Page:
address to see if it is announcing an RPKI record. So, it’s really easy to
see if your network is protected. More and more RPKI is becoming a
Tobias asked how would RPKI mitigate these attacks?
Paul responded that the research paper describes how the attacker would
capture packets, re-encode them, proxies them, etc.
Tobias said but everybody needs to use it.
Paul said yes, but the attack was also implemented on the CA side as well.
Tobias said that if RPKI were deployed, then we wouldn’t need
multi-perspective validation to begin with.
Paul said the challenge would be how to get subscribers to implement RPKI,
but CAs need to step up and begin implementing it themselves, like
Cloudflare has done.
Dimitris said it’s partially mitigated unless everybody implements RPKI.
Wayne noted that we should not focus just on RPKI because it is only one of
the mitigations, and multi-perspective validation is better than validation
being done by CAs today. There are things we could do here, such as
improving authoritative name server selection. There are things that can be
done here or in NetSec to improve from single-point validation to
multi-point validation. It is a matter of resources and time as to the
progress we can make on addressing these issues.
Tim said that looking at this in depth will be more helpful than just
having various people saying that CAs should be doing various things. Tim
will see if we can speak with the authors. Paul agreed that it would useful
and that we should also be looking to see what solutions are easier for CAs
to implement in the short term. We should look at the effort needed for CAs
to take in order to get us where we want to be (e.g. an analysis of the
costs, burdens and benefits).
*Ballot SC-52 - Time Intervals for CRLs*
See discussion at
We discussed whether we should put time frames in terms of seconds in the
Dimitris said he wanted a few more days to consult with his team before we
started a vote. Tim said that would be fine.
Wayne asked when the ballot discussion period would expire and whether we
needed to refresh the ballot or start voting now because we don’t want to
be voting during the holidays.
Tim said he would work on a refresh it and put it out on January 3, 2022,
*CNAME delegation to the CA*
Discussions about CNAME delegation have previously occurred. See
have revolved around the purpose of the CA going through the effort of
retrieving a token that they put there and whether that tests that the
customer still has the delegation in place at the time of issuance.
Wayne said he liked Tim’s proposal, but his concern is that it changes the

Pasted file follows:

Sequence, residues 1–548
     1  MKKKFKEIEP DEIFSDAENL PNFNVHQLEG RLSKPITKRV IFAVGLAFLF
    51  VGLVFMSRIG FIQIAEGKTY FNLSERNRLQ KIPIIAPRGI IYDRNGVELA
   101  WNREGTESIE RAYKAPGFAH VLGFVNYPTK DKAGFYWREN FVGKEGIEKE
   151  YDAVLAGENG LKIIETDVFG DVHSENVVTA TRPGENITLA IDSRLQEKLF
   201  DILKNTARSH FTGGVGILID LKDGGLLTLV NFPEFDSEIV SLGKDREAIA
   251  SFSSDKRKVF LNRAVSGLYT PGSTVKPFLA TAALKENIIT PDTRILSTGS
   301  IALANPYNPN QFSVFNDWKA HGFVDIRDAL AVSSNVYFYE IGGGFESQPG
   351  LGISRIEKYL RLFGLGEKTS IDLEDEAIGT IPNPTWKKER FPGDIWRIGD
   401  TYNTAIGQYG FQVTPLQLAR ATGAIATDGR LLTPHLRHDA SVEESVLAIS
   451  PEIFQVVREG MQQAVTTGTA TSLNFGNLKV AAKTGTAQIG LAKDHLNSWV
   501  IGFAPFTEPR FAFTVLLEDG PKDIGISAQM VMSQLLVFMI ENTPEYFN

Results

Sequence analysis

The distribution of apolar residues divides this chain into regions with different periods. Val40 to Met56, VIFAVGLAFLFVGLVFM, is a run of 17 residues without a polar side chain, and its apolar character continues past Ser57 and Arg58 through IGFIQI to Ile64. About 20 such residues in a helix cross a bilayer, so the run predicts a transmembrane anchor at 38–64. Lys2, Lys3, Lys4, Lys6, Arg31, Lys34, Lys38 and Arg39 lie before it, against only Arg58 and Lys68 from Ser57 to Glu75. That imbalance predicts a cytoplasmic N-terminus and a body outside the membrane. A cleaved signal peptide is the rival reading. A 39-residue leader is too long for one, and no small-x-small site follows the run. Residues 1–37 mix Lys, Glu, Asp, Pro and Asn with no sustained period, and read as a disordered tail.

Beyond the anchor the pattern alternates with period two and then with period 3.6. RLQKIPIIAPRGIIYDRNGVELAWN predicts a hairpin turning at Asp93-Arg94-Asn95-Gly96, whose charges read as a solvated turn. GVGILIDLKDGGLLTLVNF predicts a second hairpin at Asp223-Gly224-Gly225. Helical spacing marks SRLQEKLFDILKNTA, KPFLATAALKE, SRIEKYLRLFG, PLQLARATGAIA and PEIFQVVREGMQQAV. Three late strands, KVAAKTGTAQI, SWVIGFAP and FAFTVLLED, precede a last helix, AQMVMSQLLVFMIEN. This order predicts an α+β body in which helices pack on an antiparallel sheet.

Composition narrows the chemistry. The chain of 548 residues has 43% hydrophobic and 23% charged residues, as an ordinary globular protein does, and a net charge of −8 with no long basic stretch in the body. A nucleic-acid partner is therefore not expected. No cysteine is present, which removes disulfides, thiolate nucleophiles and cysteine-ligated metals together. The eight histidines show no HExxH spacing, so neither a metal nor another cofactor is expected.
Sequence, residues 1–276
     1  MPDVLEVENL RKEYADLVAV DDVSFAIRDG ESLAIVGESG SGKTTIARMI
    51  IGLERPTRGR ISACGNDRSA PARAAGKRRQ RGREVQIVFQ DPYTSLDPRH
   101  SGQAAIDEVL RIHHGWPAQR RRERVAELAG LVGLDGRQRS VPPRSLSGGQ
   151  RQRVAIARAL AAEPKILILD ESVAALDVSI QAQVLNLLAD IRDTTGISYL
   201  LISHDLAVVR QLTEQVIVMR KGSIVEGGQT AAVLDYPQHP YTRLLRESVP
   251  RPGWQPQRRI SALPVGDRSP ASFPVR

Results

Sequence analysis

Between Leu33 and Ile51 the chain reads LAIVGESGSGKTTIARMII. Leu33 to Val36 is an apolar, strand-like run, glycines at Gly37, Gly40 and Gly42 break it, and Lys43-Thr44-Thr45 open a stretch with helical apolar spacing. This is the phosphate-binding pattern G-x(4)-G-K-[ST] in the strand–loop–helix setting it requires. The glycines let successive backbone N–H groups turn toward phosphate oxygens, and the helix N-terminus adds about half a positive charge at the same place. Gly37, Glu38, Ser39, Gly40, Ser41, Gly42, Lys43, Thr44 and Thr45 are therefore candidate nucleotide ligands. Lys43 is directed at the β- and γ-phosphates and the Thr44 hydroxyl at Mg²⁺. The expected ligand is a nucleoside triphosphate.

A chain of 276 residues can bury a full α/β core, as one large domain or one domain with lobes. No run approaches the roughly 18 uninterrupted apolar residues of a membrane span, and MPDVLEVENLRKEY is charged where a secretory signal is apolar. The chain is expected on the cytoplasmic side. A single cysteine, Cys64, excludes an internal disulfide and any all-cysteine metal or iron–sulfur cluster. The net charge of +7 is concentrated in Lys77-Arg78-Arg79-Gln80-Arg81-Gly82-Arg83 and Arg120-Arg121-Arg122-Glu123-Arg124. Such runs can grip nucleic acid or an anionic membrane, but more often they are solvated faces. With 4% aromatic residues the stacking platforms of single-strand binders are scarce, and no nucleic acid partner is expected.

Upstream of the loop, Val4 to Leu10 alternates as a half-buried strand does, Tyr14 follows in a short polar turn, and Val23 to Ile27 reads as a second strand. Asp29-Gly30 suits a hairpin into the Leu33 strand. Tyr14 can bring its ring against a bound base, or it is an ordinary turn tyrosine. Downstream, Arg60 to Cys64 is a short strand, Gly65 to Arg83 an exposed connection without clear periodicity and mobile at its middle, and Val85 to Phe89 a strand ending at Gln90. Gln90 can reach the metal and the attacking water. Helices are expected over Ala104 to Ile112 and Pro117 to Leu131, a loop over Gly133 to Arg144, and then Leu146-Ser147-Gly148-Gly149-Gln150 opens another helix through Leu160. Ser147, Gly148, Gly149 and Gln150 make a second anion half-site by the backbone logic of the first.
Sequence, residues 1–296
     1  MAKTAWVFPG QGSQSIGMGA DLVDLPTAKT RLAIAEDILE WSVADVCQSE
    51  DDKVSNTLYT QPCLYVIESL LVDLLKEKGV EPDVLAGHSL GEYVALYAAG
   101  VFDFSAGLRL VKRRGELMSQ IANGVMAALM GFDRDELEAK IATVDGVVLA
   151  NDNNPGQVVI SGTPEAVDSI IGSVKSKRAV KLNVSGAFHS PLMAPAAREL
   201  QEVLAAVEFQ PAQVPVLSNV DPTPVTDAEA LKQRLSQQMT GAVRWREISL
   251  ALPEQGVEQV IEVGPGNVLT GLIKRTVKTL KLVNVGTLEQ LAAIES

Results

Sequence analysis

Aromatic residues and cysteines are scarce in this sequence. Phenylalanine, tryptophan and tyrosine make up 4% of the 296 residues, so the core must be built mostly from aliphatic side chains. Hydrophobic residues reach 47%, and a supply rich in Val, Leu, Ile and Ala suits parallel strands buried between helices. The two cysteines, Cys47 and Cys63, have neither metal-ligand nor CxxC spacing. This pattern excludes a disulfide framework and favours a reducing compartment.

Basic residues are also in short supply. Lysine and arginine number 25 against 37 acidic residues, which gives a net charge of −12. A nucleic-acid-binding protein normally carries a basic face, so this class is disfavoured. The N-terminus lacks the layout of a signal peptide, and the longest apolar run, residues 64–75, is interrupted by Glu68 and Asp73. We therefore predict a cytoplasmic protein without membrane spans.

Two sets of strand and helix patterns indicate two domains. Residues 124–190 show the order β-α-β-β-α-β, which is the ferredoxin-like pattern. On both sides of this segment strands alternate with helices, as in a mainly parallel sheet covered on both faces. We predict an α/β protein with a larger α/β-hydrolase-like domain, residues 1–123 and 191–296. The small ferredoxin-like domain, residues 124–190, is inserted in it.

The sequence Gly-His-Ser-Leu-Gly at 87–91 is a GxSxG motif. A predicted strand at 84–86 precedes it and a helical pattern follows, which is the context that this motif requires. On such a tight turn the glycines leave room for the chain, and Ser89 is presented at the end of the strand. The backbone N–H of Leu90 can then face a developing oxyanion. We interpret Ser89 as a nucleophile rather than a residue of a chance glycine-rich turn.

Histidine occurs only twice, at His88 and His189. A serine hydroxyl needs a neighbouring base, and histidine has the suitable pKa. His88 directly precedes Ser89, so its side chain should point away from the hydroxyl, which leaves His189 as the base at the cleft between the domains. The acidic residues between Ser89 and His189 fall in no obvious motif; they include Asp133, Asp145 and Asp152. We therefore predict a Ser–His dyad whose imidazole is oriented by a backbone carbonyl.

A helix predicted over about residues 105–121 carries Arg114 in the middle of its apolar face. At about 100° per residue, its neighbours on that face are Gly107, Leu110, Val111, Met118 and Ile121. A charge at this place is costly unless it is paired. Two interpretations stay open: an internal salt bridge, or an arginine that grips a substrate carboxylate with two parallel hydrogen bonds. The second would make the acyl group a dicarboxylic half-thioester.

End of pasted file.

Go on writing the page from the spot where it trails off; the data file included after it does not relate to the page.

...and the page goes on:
requirement for the applicant to demonstrate control of time at time of
issuance to require once at time of initial issuance and to leave it in
place until they revoke it. His concerns are about renewals where a CNAME
has been delegated to a CA, the CA is going to check it to make sure that
the CNAME is there, but the applicant is no longer involved. That differs
from the other methods where we require the applicant’s involvement.
Tim agreed that it is qualitatively different and that we should discuss
whether it is good and if there are concerns.
Wayne said that it makes automation of certificate issuance easier, as long
as it’s secure. A random value is only value for 30 days, and why can this
Tim said, “If there are problems with the method, the fact that the CA is
involved, … if there is anything going wrong, then there may be problems
with some of the CDN providers ... “ Do we need to revisit that, and if so,
what security analysis do we need to do?
Wayne said that the distinction, from the CA’s perspective, is that if the
CDN is requesting the certificate, they are the applicant, legal issues
aside. From a CA’s perspective, the applicant is demonstrating control,
but when the CA is doing it, that is not the applicant demonstrating
control. But what about Google, Apple, etc. getting certificates from
themselves? What if the organization is both the CA and the Applicant?
Tim that is a known problem with the BRs today, similar to whether a CA can
generate the keys if it is also the applicant.
Wayne said the problem is the argument that if you are the CA, then you
can’t also be the applicant.
Tim said we should fix these inconsistencies.
Corey noted that the requirement that the CA provide test websites with
certificates raises a similar question.
Wayne asked, in the case where the CA is not allowed to do something,
because it is validation, can the CA claim an exception because it is doing
it as the applicant?
Tim said the requirements contradict themselves on what to do when the CA
is the applicant.
Wayne asked whether this is a “fail-closed” situation?
Tim wondered whether CAs would have to revoke the certificates on their